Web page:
Chinook Jargon Phrasebook

Kahta Mamook Kopa Chinook Wawa - How to speak Chinook

Adjectives & Adverbs

As with nouns, many of these words can be used as verbs or nouns. Many words here are not necessarily adjectives or adverbs per se, but can act in those functions, and quite often the role of adjective can be taken by an adverb, or vice versa. As with other sections of this phrasebook, I have attempted to group these words by category rather than alphabetically. This page will necessarily take a long time to complete and organize.......most of these words can be found on other pages of this phrasebook.

Colours

Pil**
red  
T'kope, kope
white, light-coloured

Klale, klelh, tlale, tlelh*
black
Pil**
red  
Pechugh, petsukh, p'chugh
green
Klale, klelh, tlale, tlelh*
blue-black
Pil**
red  
Kawkawak
pale green

Klale, klelh, tlale, tlelh*
dark green
Pil**
red  
Kawkawak
yellow

Klale, klelh, tlale, tlelh*
shades of blue and green
Pil**
red  
Kawkawak
yellow
Klale, klelh, tlale, tlelh*
shades of blue and green
T'kope, kope
white, light-coloured

T'kope, kope
white, light-coloured
Klale, klelh, tlale, tlelh*
shades of blue and green

T'kope, kope
white, light-coloured

T'kope, kope
white, light-coloured

T'kope, kope
white, light-coloured

Lagley, laglee***
grey

Lagley, laglee***
grey

Lagley, laglee***
grey


*The "tl" and "kl" spellings were originally attempts at transliterating the same plosive sound, variants of which are common in native languages of both the Coast and the Interior.    Essentially klale and tlale are the same pronunciation, similarly klelh and tlelh (the final l here is a fricative, like the Welsh double-l).  In some dialects the kl and tl sounds can be separate, especially among non-natives where kl seems more likely as an initial tl is unfamiliar.  There may be no connection, but throughout Eurasia many languages use "kara" and variants of it to mean "black" as well as any darker shade of any colour.  Note that the word  polaklie can also mean black, in the sense of darkness or shadow as well as night or evening.  Use of klale vs. pechugh for varying colours of green is probably a matter of shade of green, just as t'kope can mean light-coloured rather than simply white.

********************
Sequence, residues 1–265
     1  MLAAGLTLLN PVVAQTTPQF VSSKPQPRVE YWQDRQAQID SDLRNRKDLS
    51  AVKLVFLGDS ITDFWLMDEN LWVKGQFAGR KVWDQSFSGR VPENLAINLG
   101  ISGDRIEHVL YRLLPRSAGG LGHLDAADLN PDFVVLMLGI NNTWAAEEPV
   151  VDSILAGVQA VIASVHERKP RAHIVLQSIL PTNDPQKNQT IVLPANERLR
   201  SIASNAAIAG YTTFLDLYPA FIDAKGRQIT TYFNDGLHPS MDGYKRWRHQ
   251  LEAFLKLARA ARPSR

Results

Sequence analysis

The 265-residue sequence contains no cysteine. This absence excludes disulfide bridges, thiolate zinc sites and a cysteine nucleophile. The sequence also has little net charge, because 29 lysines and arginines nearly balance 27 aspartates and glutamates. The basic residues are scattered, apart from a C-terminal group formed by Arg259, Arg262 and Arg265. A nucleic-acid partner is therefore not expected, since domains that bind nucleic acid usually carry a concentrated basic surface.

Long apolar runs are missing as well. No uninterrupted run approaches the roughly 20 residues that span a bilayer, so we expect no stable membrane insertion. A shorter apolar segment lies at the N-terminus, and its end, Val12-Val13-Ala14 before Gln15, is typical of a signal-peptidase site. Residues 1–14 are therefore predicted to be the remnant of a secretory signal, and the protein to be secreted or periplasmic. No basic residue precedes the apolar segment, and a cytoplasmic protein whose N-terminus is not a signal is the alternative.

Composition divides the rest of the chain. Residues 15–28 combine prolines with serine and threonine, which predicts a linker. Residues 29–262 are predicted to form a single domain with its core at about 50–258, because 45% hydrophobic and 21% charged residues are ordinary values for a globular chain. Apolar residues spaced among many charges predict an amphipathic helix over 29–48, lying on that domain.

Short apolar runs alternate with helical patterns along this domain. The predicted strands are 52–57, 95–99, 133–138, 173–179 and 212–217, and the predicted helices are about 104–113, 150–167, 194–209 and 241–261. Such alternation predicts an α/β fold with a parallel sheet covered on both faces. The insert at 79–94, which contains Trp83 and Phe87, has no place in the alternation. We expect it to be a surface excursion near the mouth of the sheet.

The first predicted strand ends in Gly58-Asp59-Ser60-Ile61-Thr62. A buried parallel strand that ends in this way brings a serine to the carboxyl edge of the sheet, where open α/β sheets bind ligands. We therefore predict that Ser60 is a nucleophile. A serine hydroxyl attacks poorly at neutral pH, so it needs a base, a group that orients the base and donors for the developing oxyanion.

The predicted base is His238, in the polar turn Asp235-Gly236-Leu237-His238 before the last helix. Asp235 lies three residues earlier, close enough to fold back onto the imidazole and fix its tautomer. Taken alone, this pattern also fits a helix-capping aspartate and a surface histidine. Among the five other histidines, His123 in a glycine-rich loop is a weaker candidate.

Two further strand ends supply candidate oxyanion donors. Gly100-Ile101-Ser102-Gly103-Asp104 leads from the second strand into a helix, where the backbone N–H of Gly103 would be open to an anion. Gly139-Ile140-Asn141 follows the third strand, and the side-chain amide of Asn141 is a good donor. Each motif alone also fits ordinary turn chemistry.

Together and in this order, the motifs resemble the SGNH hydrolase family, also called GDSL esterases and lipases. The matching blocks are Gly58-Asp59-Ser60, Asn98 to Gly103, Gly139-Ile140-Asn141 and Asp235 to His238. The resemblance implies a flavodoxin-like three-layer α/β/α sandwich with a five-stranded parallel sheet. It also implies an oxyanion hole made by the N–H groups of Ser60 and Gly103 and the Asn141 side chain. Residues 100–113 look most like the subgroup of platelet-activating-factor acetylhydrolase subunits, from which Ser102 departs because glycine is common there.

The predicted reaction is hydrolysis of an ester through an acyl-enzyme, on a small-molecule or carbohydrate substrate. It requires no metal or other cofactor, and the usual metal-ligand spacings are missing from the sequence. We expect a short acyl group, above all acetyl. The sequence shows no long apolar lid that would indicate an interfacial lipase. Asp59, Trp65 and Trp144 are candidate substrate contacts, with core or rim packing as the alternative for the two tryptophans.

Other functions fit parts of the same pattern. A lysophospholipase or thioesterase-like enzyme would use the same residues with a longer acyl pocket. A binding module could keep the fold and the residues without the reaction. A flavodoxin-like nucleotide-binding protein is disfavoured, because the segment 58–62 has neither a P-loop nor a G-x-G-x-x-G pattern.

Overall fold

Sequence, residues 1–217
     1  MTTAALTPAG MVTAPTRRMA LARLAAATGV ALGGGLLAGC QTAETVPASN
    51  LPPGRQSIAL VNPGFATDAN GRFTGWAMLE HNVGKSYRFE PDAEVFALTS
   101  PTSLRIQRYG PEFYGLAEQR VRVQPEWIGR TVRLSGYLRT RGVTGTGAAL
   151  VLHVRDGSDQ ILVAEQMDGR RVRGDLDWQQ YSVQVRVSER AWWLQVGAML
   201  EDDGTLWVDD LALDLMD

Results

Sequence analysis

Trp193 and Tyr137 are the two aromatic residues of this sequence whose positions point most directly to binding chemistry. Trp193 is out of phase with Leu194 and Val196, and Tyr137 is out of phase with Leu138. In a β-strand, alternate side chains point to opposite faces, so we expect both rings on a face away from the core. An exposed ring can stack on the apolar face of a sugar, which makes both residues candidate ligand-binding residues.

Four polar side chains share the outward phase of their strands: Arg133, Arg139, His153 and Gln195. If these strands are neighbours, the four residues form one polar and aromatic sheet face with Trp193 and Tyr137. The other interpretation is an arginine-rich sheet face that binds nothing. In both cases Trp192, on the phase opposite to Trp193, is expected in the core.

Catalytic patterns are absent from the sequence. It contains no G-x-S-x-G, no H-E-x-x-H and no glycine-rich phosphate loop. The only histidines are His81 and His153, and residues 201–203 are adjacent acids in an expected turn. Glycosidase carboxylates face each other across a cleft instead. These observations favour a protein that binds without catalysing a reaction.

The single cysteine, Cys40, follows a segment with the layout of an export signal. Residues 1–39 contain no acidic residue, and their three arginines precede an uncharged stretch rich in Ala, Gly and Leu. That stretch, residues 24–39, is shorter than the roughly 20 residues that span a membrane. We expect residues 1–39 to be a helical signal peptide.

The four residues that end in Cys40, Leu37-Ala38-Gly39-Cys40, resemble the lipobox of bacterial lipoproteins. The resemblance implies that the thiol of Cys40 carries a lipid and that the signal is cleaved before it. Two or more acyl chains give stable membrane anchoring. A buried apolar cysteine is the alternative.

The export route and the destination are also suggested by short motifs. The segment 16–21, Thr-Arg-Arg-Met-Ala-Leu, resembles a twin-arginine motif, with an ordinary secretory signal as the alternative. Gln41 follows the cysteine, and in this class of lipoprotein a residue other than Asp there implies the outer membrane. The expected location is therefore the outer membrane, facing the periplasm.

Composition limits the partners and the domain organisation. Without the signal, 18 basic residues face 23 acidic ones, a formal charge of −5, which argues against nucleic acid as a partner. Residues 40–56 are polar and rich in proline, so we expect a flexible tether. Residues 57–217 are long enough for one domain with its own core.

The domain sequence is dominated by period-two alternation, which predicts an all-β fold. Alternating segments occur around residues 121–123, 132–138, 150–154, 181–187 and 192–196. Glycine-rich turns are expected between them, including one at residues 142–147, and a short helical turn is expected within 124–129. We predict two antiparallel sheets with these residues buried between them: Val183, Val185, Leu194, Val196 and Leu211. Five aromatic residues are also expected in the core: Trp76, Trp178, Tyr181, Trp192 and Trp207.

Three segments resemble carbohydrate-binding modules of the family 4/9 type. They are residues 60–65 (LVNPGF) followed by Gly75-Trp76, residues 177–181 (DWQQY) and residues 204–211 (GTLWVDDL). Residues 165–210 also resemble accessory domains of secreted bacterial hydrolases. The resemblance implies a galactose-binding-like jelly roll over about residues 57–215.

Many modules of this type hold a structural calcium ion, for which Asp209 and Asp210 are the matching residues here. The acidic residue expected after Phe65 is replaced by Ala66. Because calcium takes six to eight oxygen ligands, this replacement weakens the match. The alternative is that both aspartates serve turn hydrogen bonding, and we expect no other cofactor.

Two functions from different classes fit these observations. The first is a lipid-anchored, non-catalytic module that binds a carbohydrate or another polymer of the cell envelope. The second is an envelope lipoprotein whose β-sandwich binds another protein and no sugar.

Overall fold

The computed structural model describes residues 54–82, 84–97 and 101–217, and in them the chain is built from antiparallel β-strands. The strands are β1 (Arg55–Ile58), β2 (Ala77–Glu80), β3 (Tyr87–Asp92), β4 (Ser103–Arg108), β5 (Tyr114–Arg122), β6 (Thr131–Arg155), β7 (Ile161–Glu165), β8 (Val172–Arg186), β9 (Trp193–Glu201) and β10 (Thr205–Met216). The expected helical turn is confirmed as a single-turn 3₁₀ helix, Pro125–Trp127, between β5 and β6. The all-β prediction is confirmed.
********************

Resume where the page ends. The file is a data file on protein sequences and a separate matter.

**NB Pil-pil - blood
.  I'm only guessing here about purple and orange being termed "red"; it would depend on the shade, I'd think; some oranges might better be served by kawkawak, some more violet purples by klale.  I've shown a pinkish purple here as pil, but that's only a guess.  Similiarly two objects that were black and blue might be termed relatively; one klale, the other tkope or perhaps pechugh.


*** also means a grey horse, from fr. "le gris"

Please see the horses section of the Critters & Livestock page for colours as applied to horseflesh (mostly French loan-words).


Qualities



Kloshe, kloosh, klosh, close, cloos, tloos
good, correct, right, healthy 

Hyas kloshe - very good.
Elip kloshe - best, the best. 
Kloshe lemah - the right hand ("the good hand")

NB Mamook kloshe - fix it, it's fixed, make it better, doing OK, to make feel good, heal. 
Chako kloshe - to become healed, to feel better, to become good
Kloshe nanitch - stand guard, stand watch, used as an envoi/parting blessing, i.e. 'watch well"


Cultus
bad, broken, worthless, unreliable, meaningless, dishonest

In reply to a question such as "what do you want?" or "what are you thinking?", cultus would simply mean "nothing" or "it doesn't matter".  Cultus is not associated with the malice implicit in mesachie, nor with the supernatural potency of tamanass, and is more of a "benign negative" as opposed to "implicitly evil". 

Cultus is the usual opposite of kloshe, and is perhaps the most common and widespread of the words for "bad" (which include mesachie, peshak and tamanass)